By Friday, August 15 we were tired, to say the least. Partying past midnight after a work day ending with a recital: not for the faint of heart. We took our time in the morning, assembling a small group of friends to spend the morning at Victoria & Albert Museum, one of the best-loved free sights in London. We’d come to London with a long list of possible fun and had quickly trashed the list. We didn’t take a night-time bus tour, we didn’t try to get tickets to the ballet, we didn’t step foot inside any of the major landmarks. We were still holding out to get Proms tickets for Saturday night, but that was it. We even ended up scrapping our Friday night ambition, to hear a live jazz pianist in the Royal Albert Hall Italian Kitchen. We didn’t see London like most visitors see it, but by the time we left it we felt that we knew it on a very satisfying level. Still, it seemed a shame to come and go without a single “cultural experience,” so we hopped on a red double decker around 9:30 a.m. and crossed town with three companions.
The Victoria & Albert Museum was completely overwhelming, as anyone who’s been there will know. We flitted quickly from room to room on the first two floors, covering a lot of the exhibits of the Far East, Asia, and the Middle East. We saw some Renaissance sculpture and some Enlightenment-era sculpture and managed to venture far enough onto the third level to see a bit of Georgian England (including the Handel statue), a phenomenal room full of jewelry, and a massive exhibit of stonework, some dating from the Roman era. By then our feet were tired and our eyes had seen their fill and we abandoned the last two-thirds of the museum, heading north on foot to Kensington Gardens & Hyde Park. We wandered through it, stopping at a cafe by its lake for some light lunch or snacks, eager to rest our feet. I really enjoyed the Hyde Park gardens and told myself I’d find time to come back to them on Saturday morning during some downtime.
Like magic, the predictable afternoon rain started right as we were descending into the subway to cross toward Southwark. And thus ended our brief moment of tourism. At Southwark we grabbed some more lunch from Borough Market and set to work for the afternoon. It was Mike’s one day off, in which he was playing no part in the service besides that of a chorister. I had only to conduct the Smith Responses and the anthem, Gerald Near’s Salve Regina. It was nice to have the pressure off a little.
After Evensong we offered to anyone in the group our unwanted reservation at the Italian restaurant, and left alone, leaving behind our heavy bags full of work, hand in hand, looking for rest and quiet. We were exhausted and missing each other, after a week of endless company. We talked about the work behind us as we sat on the river’s edge – about our colleagues and ourselves and how we’d grown through the week, about the patient and good-humored choristers, about our own strengths and weaknesses and how we saw them developing, about our high points and low points throughout the week. It was a perfect chance to decompress and prepare for a good ending to the week. On our walk along the river, from Southwark to the London Eye, we saw all kinds of interesting things, most notably a collection of gangsta-looking boys, break dancing “gangnam style,” ringed by a large, delighted audience. This, too, art in its own way, and a pleasure to watch. After taking the tube back north, we stopped in at the tiny Tesco Express near our dorms and assembled yet another bread-and-cheese-and-wine picnic, which we enjoyed in our room.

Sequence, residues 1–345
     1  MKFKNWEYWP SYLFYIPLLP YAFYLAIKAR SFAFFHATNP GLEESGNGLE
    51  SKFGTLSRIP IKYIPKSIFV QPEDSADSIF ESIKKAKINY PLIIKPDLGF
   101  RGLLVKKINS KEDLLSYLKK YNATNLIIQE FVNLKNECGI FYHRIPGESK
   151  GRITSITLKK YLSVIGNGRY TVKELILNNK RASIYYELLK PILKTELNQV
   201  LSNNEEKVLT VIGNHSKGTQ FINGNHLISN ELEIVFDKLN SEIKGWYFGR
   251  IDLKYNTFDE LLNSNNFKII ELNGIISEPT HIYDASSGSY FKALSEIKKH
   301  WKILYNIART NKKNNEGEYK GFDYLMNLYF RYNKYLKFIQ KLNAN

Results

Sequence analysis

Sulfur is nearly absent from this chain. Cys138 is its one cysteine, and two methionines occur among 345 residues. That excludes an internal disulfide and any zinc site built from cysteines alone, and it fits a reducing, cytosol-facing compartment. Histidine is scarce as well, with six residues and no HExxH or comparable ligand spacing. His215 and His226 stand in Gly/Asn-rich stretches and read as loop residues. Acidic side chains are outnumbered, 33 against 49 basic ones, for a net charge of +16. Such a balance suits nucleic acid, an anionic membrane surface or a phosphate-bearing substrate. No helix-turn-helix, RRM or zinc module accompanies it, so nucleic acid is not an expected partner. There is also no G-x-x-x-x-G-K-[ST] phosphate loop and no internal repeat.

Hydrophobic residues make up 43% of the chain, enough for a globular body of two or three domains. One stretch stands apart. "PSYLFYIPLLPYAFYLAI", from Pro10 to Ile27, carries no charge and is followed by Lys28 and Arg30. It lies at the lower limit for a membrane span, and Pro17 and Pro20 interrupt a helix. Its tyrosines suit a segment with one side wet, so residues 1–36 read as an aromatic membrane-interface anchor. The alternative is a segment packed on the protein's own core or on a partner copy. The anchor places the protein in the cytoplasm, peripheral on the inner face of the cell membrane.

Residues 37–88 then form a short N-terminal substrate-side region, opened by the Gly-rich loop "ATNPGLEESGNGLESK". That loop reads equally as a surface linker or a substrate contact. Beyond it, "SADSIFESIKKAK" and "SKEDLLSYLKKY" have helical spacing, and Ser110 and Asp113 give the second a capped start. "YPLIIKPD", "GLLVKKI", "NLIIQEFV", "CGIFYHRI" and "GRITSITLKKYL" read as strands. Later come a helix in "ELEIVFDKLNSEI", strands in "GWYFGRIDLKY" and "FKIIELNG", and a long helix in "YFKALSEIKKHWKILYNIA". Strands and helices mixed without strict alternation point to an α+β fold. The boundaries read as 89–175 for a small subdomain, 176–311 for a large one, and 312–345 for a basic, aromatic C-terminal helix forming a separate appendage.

One funny aspect of this week bears remembering: One morning I plugged my hair dryer into our power adapter. Most days I’d just styled my hair wet and gone about the day. When I plugged it in the whole thing sparked and shut down. Not knowing whether I’d damaged the appliance, the adapter, or both, we didn’t attempt to use either again. Later we borrowed a friend’s adapter and systematically charged our various devices in our green room at Southwark as we worked. Eventually we figured out that our adapter (in fact, even my hair dryer) were still working, but we’d blown the fuse in our room. From then on we settled for using the power in the kitchen down the hall whenever we wanted to Skype the kids from our computer. The computer’s battery was too weak to handle Skype predictably without crashing, so it made things quite complicated for the remainder of the week.
Friday 15 August, 9:45 p.m.
This morning we took a bus to Victoria and Albert Museum with BS, DH, and SM. Lunch in Kensington Gardens/Hyde Park and down to work. After Evensong we had a lovely, quiet, beautiful time strolling and sitting by the Thames, getting from Southwark to the Eye of London as sunset and night fell. Now we’re eating dinner of bread and cheese and wine after a hello to the kids. We miss them so much. Tonight was a perfect, satisfying sampling of London all alone at just our pace.